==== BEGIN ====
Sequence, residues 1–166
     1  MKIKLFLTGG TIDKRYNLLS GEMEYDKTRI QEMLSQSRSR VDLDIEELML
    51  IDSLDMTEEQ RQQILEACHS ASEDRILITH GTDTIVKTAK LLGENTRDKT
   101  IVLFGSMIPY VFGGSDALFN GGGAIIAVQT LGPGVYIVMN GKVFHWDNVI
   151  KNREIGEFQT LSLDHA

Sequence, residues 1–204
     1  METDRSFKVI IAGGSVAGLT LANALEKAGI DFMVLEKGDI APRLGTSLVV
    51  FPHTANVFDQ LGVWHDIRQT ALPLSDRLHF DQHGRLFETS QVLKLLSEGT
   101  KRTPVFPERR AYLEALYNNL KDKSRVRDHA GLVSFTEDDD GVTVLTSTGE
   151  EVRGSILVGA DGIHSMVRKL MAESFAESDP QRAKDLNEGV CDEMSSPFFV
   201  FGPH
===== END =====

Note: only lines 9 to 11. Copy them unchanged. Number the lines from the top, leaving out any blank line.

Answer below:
   101  KRTPVFPERR AYLEALYNNL KDKSRVRDHA GLVSFTEDDD GVTVLTSTGE
   151  EVRGSILVGA DGIHSMVRKL MAESFAESDP QRAKDLNEGV CDEMSSPFFV
   201  FGPH